Black British life has been sorely underrepresented in our national cinema, but there have been hints of a resurgence in recent years. Amma Asante’s 18th-century-set drama Belle (2013) became an international box-office success, shining a light on the true story of Dido Elizabeth Belle, the mixed-race daughter of an African woman and a British naval captain; Destiny Ekaragha’s Peckham-set comedy Gone Too Far! (2014) sharply observed the tensions between young Britons of Jamaican and Nigerian descent; and Debbie Tucker Green’s magnificent Second Coming (2014), starring Idris Elba and Nadine Marshall, skilfully examined an unexpected, mysterious pregnancy and its resultant impact.
More recently, two key films arrived courtesy of young Nigerian-British talents: Shola Amoo’s beguiling, unusual docudrama A Moving Image (2016) looks at the impact of gentrification on Brixton, and Joseph Adesunloye’s moving White Colour Black (2016) follows a young London photographer on his journey to Senegal to bury his estranged father. Meanwhile, Asante followed up Belle with the period romantic drama A United Kingdom (2016), starring David Oyelowo as Prince Seretse Khama of Botswana. Away from the cinema, Steve McQueen has developed a major BBC television series that will follow a group of black British friends and their families over a number of decades.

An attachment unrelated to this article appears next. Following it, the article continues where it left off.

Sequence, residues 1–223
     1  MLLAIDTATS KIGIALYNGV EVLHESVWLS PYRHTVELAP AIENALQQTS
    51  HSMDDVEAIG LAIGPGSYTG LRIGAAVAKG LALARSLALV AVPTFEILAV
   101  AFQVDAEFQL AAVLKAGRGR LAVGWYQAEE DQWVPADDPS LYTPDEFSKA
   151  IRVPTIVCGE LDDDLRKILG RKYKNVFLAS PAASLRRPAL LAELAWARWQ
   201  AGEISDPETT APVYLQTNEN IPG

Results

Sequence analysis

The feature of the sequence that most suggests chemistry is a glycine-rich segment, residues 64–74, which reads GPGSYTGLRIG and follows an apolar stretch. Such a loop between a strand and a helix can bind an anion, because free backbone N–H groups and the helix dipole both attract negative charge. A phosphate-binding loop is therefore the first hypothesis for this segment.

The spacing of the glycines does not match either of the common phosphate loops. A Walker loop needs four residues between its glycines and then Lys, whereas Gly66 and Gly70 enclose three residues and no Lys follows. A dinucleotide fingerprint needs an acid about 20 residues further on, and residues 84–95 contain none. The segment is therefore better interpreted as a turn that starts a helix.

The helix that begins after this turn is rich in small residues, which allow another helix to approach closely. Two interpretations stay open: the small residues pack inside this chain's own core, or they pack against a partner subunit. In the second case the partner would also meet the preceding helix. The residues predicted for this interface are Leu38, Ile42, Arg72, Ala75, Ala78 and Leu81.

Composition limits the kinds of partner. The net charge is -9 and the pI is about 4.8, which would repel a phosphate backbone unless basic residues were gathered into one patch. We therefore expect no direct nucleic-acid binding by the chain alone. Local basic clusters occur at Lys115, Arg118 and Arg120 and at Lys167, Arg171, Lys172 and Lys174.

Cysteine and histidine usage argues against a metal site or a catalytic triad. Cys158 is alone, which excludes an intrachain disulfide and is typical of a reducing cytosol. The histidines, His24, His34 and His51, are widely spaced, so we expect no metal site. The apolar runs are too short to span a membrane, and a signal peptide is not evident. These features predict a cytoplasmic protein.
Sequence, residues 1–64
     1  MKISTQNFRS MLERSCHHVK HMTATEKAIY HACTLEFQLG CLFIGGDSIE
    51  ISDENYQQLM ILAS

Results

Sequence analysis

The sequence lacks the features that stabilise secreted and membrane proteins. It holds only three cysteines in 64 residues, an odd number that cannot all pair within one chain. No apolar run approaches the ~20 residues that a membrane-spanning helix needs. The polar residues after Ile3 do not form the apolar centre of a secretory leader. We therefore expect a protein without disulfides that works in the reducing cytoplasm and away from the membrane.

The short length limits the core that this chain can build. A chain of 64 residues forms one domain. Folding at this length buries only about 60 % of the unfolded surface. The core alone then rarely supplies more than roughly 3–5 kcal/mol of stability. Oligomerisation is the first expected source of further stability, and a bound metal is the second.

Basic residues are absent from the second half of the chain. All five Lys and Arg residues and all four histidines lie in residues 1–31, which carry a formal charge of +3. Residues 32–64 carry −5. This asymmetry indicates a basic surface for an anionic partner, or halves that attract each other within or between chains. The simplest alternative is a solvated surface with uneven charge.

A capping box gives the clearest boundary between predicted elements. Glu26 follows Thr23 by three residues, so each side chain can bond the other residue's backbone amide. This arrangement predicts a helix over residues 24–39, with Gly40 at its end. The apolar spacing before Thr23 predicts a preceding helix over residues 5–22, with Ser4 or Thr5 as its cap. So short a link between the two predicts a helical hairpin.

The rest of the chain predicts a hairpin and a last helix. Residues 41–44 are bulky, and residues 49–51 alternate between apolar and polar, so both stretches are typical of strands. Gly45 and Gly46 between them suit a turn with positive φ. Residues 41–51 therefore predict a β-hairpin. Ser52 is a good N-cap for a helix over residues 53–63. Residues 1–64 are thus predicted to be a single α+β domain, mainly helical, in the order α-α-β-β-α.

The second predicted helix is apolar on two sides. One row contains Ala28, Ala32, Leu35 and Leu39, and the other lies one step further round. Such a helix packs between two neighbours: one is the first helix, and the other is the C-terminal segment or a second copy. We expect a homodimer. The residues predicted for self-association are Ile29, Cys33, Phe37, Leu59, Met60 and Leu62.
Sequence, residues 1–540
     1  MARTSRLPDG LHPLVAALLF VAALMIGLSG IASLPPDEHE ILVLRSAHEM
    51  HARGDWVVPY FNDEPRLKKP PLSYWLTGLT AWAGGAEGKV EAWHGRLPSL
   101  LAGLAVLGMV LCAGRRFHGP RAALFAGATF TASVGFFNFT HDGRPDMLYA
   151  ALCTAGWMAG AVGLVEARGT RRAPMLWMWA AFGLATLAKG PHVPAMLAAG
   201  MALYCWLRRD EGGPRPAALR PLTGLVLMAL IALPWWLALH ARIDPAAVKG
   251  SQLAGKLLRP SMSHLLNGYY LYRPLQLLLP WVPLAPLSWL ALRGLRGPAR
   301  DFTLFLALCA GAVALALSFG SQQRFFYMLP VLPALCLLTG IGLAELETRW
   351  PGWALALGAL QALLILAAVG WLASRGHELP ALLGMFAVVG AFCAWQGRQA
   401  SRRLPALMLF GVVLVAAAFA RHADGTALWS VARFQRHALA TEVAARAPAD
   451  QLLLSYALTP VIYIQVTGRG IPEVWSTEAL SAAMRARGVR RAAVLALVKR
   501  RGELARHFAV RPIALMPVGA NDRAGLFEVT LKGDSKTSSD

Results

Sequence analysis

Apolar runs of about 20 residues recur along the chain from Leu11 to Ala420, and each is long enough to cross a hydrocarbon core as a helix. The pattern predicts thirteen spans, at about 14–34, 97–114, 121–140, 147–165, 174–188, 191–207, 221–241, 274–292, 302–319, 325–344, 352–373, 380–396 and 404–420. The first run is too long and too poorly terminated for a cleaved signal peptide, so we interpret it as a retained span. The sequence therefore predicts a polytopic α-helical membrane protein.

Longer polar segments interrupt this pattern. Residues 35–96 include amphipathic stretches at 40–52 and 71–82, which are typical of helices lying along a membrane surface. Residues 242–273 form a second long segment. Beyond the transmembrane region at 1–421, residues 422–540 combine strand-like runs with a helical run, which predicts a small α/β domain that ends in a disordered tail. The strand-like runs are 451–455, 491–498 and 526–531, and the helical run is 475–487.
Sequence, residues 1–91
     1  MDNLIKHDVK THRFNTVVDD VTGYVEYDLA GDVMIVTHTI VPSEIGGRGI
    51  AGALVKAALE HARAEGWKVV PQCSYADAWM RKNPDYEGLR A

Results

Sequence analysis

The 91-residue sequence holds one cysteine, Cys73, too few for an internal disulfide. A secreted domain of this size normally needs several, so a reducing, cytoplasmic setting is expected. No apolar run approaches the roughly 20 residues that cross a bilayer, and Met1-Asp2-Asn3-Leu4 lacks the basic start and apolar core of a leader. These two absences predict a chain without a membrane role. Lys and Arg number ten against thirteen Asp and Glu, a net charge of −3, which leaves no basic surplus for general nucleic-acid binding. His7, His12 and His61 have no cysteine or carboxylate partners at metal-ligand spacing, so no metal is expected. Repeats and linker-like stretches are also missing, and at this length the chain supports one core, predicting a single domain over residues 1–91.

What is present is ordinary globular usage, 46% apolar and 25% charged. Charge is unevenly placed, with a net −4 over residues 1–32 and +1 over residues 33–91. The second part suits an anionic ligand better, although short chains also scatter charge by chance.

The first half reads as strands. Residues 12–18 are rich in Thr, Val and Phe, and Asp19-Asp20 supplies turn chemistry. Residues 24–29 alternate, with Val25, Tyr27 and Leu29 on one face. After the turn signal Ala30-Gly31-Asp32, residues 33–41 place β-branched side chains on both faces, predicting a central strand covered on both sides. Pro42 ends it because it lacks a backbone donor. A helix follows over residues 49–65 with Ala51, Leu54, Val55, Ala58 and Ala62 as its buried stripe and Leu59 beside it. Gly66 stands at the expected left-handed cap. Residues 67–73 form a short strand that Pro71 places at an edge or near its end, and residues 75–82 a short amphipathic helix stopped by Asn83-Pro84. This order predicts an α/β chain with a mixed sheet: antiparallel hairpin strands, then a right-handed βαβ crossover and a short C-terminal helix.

So, there’s plenty to look forward to. But what about looking back? Following a number of issue-based films that addressed the black British experience in the 1950s and 60s (Pool of London, Sapphire, Flame in the Streets), the first wave of films to genuinely focus on a new generation of postwar, Windrush-era arrivals and their children in Britain began in 1975 with the release of Horace Ové’s brilliant Pressure.
The 1980s saw a surge in activity for black British production and representation, encouraged in part by the arrival of Channel 4 (which put diverse programming at the centre of its remit) in 1982. Since then, due to a combination of factors (lack of training and funding, exodus of talent to the United States), there’s been a cycle of frustration in maintaining and developing the black British presence on film. While a significant breakthrough in its own right, for a long time Ngozi Onwurah’s 1995 Welcome II the Terrordome stood as the only film by a black British woman ever to see UK release.
Even so, a significant – if under-seen and underrated – body of work exists that’s dedicated to exploring black British life in all its complexity, diversity, sadness and joy. Here are 10 of the best.